Socialize your pup as soon as you get it but be careful not to go to places such as dog parks or other dog events where lots of dogs are that you do not know. If dogs are not properly vaccinated, they could spread disease to your new pup. Socialization is very important to do in the first 14 weeks of your pups life. Make sure you expose your pups to people of all ages, races, with facial hair, without facial hair, with glasses, hats and etc. It is important to do lots of socialization outside of the home so that your pup is confident in new places and with new people. There is more of a chance that your pup will have fearful or aggressive behavior due to a lack of socialization than it is that your pup will contract an illness so be careful but also make sure to get the time in early.
I like the wire kennels best so that your pup can see out and feel a part of the room even in his/her kennel. If your pup needs less stimulation, you can always cover the crate with a blanket. Make sure you get one your puppy can grow into. The ones with dividers are best so you can increase the amount of space your puppy has as it grows. I also like the kind with doors on both ends and a door in the middle. If you have more than one pup you can put the divider in and get them out one at a time without disturbing the other. You can also open the door through the front if you have it in a space where the end doors are blocked.
This does not have to be huge but a decent size for your puppy to play while it is being potty trained. You can hook the exercise pen onto the kennel so that your puppy can get used to sleeping in its crate but playing in another area without having free reign of the house. At night, you can put puppy pads in the exercise pen for your puppy to use if it cannot hold its bladder overnight. If it can, you can close the kennel door to practice holding its bladder and then crying when it needs let out. Feed your puppy in the exercise pen or the kennel to show the puppy that this is an area we don’t use the bathroom.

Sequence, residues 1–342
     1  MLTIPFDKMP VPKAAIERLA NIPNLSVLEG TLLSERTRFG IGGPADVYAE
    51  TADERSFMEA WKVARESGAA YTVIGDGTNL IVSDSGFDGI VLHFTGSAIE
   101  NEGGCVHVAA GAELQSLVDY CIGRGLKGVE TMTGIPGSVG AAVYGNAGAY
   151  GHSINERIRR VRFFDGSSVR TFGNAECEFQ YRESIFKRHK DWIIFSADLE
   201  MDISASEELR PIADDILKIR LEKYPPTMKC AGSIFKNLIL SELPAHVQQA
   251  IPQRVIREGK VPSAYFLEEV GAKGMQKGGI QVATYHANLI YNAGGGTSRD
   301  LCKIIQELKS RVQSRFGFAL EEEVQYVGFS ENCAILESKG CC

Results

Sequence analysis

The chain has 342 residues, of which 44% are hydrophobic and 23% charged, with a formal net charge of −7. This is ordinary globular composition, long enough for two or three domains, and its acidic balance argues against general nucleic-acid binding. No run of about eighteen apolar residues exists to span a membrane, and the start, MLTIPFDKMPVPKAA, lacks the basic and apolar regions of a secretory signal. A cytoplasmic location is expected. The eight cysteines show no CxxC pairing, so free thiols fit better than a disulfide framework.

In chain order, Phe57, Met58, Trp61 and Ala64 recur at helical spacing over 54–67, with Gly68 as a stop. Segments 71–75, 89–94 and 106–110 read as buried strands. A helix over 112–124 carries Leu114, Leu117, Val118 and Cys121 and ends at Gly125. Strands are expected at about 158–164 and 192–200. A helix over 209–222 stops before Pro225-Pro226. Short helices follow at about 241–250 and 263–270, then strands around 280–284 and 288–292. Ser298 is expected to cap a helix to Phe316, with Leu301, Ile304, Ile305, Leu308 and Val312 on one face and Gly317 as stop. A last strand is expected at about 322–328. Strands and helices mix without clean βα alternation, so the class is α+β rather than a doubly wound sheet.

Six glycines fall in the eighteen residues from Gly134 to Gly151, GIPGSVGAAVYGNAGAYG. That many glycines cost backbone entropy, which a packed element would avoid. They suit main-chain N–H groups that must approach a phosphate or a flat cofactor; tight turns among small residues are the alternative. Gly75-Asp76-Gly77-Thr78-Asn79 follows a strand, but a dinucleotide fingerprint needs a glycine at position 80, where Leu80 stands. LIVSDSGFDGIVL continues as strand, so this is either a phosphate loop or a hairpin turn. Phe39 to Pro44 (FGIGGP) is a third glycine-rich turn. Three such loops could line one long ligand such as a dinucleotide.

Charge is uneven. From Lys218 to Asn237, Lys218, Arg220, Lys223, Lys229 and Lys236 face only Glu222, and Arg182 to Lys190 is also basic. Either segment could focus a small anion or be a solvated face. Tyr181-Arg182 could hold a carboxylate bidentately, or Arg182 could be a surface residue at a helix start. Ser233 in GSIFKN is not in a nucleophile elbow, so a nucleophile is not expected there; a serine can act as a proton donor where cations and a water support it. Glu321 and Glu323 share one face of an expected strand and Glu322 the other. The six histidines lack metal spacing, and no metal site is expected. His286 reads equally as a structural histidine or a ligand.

Make sure your puppy does not get attention when jumping on people or children. Have company and members of your family have your pup show polite manners by sitting to be pet.
All puppies will play bite at first because that is how they played with their litter mates. Play fighting with their litter mates is how they would learn to fight if they were in the wild. This is a natural instinct but not in an aggressive manner. You should begin teaching your pup that biting is not a way to play with humans from the time he/she comes home. If your pup playfully bites you, you can do a few options. The first is to replace your hand with a bone or a toy that the pup can chew on instead. The second option is to yelp in a high pitch voice to show the puppy that biting hurts. This is how the litter mates show each other when a bite is too hard. The third is to put the pup in its kennel to calm down. Sometimes your pup can get overstimulated and may need a rest to regroup. Your pup should also be learning the word “no” or “leave it” or some phrase that tells your pup that what they are currently doing needs to be stopped. Make sure you are not saying whatever your chosen phrase is in a cheerful manner but more in a deeper voice that would suggest you are not happy about the current action.
Chewing and gnawing on things is the natural way puppies lose their puppy teeth and grow into their adult teeth and it is also how they keep their adult teeth clean. Different pups may like different textures to chew, so it may take some trial and error before you find your pups ideal chew to keep your shoes and furniture safe. Many dogs like natural chews (buffalo horns, bones, hooves, antlers, etc.) better than a synthetic material but I have found Nylabones to work occasionally as well. Make sure you watch your pup with their chew to make sure they are not breaking off large pieces that could get lodged in their digestive system and cause a blockage. You can also try toys such as a Kong that is fillable with peanut butter, etc. to keep your pup busy.
Your puppy may need some time to transition to its new home and may be sad or not feel up to eating. This should only last a few days but is a great time to bond with your new pup and give it all the snuggles you can! If your pup’s appetite is down, continue offering food throughout the day and encourage your pup to eat. Often, they will eat from your hand even if they don’t want to eat from their new bowl.
Remember that all pups are different and these are just come basic things I have found that may be helpful! There are many great training classes, training groups on social media, and tons of free info online that can help you on your new journey. I am always here to give any help I can and love to keep in contact with my puppy owners and their babies. Congratulations on your new family member and I hope to hear from you soon!